'Girls' Recap: 'Sorry' Doesn't Cut It - Rolling Stone
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‘Girls’ Recap: ‘Sorry’ Doesn’t Cut It

Hannah finally confronts Adam about their relationship, while Charlie learns the truth about Marnie’s feelings


Allison Williams, Jemima Kirke, Lena Dunham and Zosia Mamet in 'Girls.'

Mark Seliger

Toward the end of this week’s episode, Hannah stands trembling on Adam‘s doorstep, ready to break things off after he texts her a photo of his wiener wrapped in a squirrel skin… a photo meant for another girl (a thing she finds out about after his flippant “SRY that wasn’t for you” follow-up text). “I really care about you, and I don’t want to anymore because it feels to shitty for me,” Hannah sobs. Unfortunately, Adam has way stronger emotions about her new drawn-on eyebrows than their so-called relationship. “You look like a Mexican teenager,” he marvels. “It rules.” Might as well be telling him to put on a shirt, girl, because your gorgeous emotional rant has fallen on deaf, hot ears. Everyone’s early twenties is made of these kinds of beautiful speeches that you crowd-source from your girlfriends and tell to horrible guys. But… not guys this horrible, right? These guys… these guys are no good. No good at all.

Now, using that scene as an example, I do feel that last night’s episode felt intriguingly true to a hyper-specific moment in time, when a woman is young and a transplant and has no guy friends as of yet. In that window, every interaction with men is so profoundly loaded and important… and (usually) awful. As in real life, however, just because it’s a genuinely felt experience doesn’t make it true. These men of Girls… lord, it might be a cliché, but these girls need a gay friend up in here, stat. A male who isn’t a total goober to balance out the pure dumb-assness of every male character (save Jessa‘s employer) we’ve met so far. Maybe Hannah’s ex-boyfriend could come back? Ugh, but he was horrible, too! Horatio Sanz, don’t let me down now!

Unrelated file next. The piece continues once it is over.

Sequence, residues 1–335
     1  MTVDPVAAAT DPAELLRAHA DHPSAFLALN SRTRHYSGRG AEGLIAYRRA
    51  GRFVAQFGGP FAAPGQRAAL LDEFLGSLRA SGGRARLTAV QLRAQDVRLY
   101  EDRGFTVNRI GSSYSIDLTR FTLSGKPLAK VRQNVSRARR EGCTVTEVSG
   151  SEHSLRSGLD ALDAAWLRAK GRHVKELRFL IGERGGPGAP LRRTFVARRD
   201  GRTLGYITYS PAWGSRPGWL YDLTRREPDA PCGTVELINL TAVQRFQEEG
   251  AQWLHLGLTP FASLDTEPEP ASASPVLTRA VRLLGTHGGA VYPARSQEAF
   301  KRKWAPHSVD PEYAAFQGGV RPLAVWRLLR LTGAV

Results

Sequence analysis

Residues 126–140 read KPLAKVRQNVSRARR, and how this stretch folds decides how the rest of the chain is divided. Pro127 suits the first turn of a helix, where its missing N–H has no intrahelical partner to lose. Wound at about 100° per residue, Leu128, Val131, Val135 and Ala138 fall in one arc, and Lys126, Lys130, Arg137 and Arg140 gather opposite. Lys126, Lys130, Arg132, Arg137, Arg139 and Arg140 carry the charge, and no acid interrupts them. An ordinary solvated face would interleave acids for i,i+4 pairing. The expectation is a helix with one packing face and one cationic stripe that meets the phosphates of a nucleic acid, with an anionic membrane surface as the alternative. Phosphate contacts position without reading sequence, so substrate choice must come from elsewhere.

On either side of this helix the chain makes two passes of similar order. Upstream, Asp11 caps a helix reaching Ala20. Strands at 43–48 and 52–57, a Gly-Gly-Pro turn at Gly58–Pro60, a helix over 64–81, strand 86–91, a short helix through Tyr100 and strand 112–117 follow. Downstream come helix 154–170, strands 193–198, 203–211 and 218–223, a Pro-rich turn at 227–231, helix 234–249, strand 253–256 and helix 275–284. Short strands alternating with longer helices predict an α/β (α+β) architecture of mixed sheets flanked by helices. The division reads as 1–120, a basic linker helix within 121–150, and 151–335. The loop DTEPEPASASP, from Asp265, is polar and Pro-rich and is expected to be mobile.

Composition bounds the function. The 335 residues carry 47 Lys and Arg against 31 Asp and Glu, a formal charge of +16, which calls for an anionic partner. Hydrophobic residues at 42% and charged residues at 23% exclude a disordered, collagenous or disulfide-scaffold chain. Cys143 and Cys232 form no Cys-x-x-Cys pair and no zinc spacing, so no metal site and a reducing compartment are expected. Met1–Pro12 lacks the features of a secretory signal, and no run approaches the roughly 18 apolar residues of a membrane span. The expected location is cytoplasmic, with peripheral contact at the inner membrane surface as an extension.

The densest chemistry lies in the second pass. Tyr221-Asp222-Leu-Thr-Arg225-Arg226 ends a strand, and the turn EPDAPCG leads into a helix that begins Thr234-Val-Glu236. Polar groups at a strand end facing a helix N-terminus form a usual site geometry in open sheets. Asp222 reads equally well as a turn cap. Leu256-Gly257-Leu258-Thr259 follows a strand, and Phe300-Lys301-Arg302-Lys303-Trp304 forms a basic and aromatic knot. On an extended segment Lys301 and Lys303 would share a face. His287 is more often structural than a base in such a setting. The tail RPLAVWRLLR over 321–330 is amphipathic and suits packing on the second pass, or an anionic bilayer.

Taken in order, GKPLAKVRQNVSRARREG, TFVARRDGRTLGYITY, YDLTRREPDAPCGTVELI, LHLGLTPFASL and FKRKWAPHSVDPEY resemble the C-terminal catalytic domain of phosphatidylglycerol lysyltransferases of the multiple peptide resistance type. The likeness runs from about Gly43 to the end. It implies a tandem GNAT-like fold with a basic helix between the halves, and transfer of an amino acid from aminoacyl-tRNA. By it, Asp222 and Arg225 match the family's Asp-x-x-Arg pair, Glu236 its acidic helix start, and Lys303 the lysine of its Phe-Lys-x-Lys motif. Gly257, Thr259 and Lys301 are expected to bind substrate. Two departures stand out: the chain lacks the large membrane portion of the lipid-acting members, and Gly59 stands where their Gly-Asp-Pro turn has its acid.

Let’s start with Hannah’s new coworker, shall we? Oh, did I mention Hannah found a job? And thus, the central dilemma of the series neatly resolved itself! Hannah now works in an office characterized by a palpable beige-ness and an alien operating system. “I am more of a Mac girl,” Hannah explains as she frantically reviews a Windows manual. She works with Rich, an amiable beardo who without warning presses his hand between Hannah’s breasts for a bit of Reiki healing straight from the training grounds of Club Med. Hannah is perturbed but not horrified, as she quickly learns that her amazing, sassy female coworkers have come to employ bemusement when dealing with Rich’s massages. “He touch you?,” they quiz her, before filling in Hannah’s sparse eyebrows with some amazing chola Count Chocula numbers as a gesture of camaraderie. All I want is more of these awesome new ladies, but instead we are offered the craziest rationalization possible for Rich’s bizarre lack of boundaries. “You’ll tell me if the touching ever bothers you, right?,” he smiles, explaining that he’s just a touchy guy. Rich, did you get brain damage down at Club Med, too? You can’t know you’re a creep and still be applying pressure to people’s skeletons without asking! Words cannot express how exhausted with rage I am just thinking about this plotline. Oh no, here it is: rage-zhausted.

Then there was Shoshanna‘s momentary love interest, Matt. Oh, Shosh! As soon as you saw her hopeful face light up at the sight of her former camp counselor, you knew something humiliating was about to happen. So, of course, she decides to “watch a movie” with him that night – “watch a movie” being code for “something humiliating is about to happen. In our pants.” When presented with Matt’s boner, Shoshanna declares, “I don’t want to touch it if we haven’t kissed.” Reasonable! Once their clothes come off, Matt boasts, “I like to eat pussy too. I know it seems weird, but I frigging love it.” I’ve never heard anything weirder, Matthew. Please do go on. After suggesting they have sex, Shoshanna blurts out that she is still a virgin. So, of course, Matt slams the breaks on the whole boning idea because EW and NO and GROSS. “Virgins get attached. Or they bleed,” he sniffs. “I’m a totally unattached bleeder,” Shoshanna promises to no avail. Sometimes I wonder if this show is too real to my life experience for me to give a balanced recap, if you guys catch my drift. On the other hand, I rage because I care. I hope Shoshanna loses her virginity surrounded by a million tea candles, following a loving massage from a former camp counselor who really cares, but boy, I do not think that’s in the cards.